Under Missouri’s family laws, courts can order a party to a divorce to pay two different kinds of support to their soon-to-be-ex-spouse. If the parties have one or more minor children, the court will usually order a parent to pay child support to the other parent. The court might order one spouse to pay spousal maintenance, formerly known as alimony, to the other spouse in some cases. Once those payments start changing hands, are they considered “income” for the purpose of federal taxes? The answer to that question is complicated.
Until recently, the IRS treated child support and spousal maintenance differently. Child support was not considered taxable income, but spousal maintenance was. The tax reform bill passed by Congress in 2017 changed the tax laws, so that neither type of support is taxable as income. This impacts both the person receiving support (the “obligee”) and the person paying support (the “obligor”). The changes to the law took effect at the beginning of 2019.
A final judgment of divorce in Missouri must include provisions regarding child custody and child support. The court must find that these provisions are in the “best interest of the child.” State law does not necessarily require a court to order either parent to pay child support, but it occurs in almost every case involving minor children.
A court can order one spouse to pay spousal maintenance to the other when the recipient lacks the resources to support themselves at the time of divorce. When deciding whether to award spousal maintenance, state law directs courts to consider each spouse’s age, education, resources, and earning capacity, along with factors like the length of the marriage and the standard of living established during the marriage. Missouri referred to this obligation as alimony prior to the 1970’s, and the term can still be found in the Revised Statutes.
Prior to January 1, 2019, spousal maintenance payments were considered taxable income under federal law. The Internal Revenue Code (IRC) specifically included “alimony and separate maintenance payments” in its definition of “gross income.” It defined “alimony and separate maintenance payments” as cash payments made as part of a divorce or separation. Child support was excluded from these definitions. The IRC allowed itemized deductions of spousal maintenance payments. This only applied to an obligation that was clearly defined as spousal maintenance in a final judgment of divorce or other court order.
In practice, this meant that an obligor could deduct spousal maintenance payments from their gross income. The obligee would pay income tax on those same amounts. That way, the money is only taxed one time.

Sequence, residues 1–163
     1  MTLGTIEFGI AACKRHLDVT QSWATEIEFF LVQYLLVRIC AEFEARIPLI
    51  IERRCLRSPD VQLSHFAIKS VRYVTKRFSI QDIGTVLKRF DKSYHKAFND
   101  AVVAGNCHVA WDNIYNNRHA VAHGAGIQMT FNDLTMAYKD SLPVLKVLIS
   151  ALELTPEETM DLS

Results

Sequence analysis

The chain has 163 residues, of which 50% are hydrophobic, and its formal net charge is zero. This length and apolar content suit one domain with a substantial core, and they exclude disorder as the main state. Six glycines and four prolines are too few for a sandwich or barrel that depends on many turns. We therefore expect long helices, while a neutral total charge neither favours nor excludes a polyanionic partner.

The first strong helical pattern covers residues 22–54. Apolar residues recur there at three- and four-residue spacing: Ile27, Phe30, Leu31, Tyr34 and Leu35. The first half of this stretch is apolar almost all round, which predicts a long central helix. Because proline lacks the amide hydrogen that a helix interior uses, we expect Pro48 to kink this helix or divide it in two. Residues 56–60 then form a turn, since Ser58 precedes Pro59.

Child support payments were not deductible by the obligor. They were therefore not taxed as income received by the obligee. The obligor pays the income tax, so again, the money is only taxed once.
The Tax Cuts and Jobs Act (TCJA) of 2017 made numerous changes to the IRC and other laws. Section 11051 of the TCJA struck two sections from the IRC altogether. It eliminated § 71, which identified spousal maintenance as part of gross income, and § 215, which allowed itemized deductions of spousal maintenance payments.
The changes to the tax treatment of spousal maintenance took effect on January 1, 2019. According to the IRS, spousal maintenance payments are still deductible for obligors whose divorces were finalized on or before December 31, 2018. The deduction is not available for obligors who:
One might be tempted to think that this is good news for obligees, since they will not be liable for income tax on spousal maintenance if the TCJA applies to them. In some cases, however, this could have a negative impact. Some family law practitioners call the deductibility of spousal maintenance payments the “divorce subsidy,” because it could serve as an incentive for obligors to agree to spousal maintenance. Since the obligor is often in a higher tax bracket than the obligee, the obligee would pay tax on the payments at a lower rate than the obligor would have paid.
Congress took away would-be obligors’ incentive to agree to spousal maintenance. This could mean that divorces will get messier, since more people who need spousal maintenance will have to fight for it. Obligors in a higher tax bracket than their ex-spouses must pay a higher rate of tax on the spousal maintenance payments, which leaves less money overall. This part of the TCJA has only been in effect for a little over a year, so it may be too early to see what changes have resulted.
Mark A. Wortman is a family law attorney who practices in Kansas City, Missouri with an exclusive focus is on divorce, child custody, and other family law matters. Please contact us today online or give us a call at (816) 523-6100 to schedule a confidential consultation with a knowledgeable and skilled legal advocate.